Today is International Walk to School Day, a yearly event that encourages school children to walk and bike to school to instill healthy habits, help the environment, promote safety, and create a stronger sense of community.
Whether it’s Walk to School Day, Bike to Work Day or some other initiative to encourage active transportation, communities are continuing to promote and appreciate alternatives to motor vehicle travel. To improve overall quality of life in the communities they impact, many of these initiatives are geared toward promoting safety, health and environmentally-friendly transportation options. They can also deliver economic benefits for the community.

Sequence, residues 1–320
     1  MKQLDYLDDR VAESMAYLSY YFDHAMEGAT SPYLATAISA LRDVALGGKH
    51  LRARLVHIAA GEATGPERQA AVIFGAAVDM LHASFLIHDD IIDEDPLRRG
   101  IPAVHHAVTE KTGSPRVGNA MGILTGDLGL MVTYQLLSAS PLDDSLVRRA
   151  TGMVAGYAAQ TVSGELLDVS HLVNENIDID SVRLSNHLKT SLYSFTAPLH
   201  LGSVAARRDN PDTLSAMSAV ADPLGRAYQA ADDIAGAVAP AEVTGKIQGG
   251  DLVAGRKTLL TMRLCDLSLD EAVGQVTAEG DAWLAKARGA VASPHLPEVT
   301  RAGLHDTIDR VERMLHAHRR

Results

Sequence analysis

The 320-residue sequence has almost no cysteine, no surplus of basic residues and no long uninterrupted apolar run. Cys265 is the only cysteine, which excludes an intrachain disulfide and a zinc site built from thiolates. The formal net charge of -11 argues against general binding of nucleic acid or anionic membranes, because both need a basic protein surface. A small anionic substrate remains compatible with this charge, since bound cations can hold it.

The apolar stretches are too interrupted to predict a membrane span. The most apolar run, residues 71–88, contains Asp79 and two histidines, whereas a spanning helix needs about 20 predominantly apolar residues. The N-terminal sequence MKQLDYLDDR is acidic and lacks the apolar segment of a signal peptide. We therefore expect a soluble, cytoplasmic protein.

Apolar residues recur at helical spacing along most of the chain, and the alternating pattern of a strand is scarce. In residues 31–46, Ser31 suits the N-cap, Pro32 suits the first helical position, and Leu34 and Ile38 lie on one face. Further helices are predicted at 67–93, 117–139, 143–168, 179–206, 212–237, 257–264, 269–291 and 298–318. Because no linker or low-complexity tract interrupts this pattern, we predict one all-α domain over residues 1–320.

While your community may participate in these short-term initiatives, is it really prepared to support active transportation lifestyles? Are your roadways friendly to pedestrians, bicyclists and transit riders?
Citizens are beginning to clamor for this benefit in their communities, and many municipalities are taking notice. We are actively working with the City of Lima, City of Piqua, City of Riverside, Miami Valley Regional Planning Commission (MVRPC) and the Ohio Department of Transportation (ODOT) to improve active transportation in communities across the state.
Active transportation, or “complete streets,” continues to be a hot topic in the public works industry, as more communities are looking for creative ways to provide these benefits for their citizens. If you want to learn more, I will be co-presenting “The Benefits of Planning for Active Transportation” with MVRPC at the Miami-Valley Planning and Zoning Workshop in Dayton in early December. The presentation will cover the benefits of including active transportation elements in the public space, which can be realized at three different levels: to individuals, to government agencies and to developers.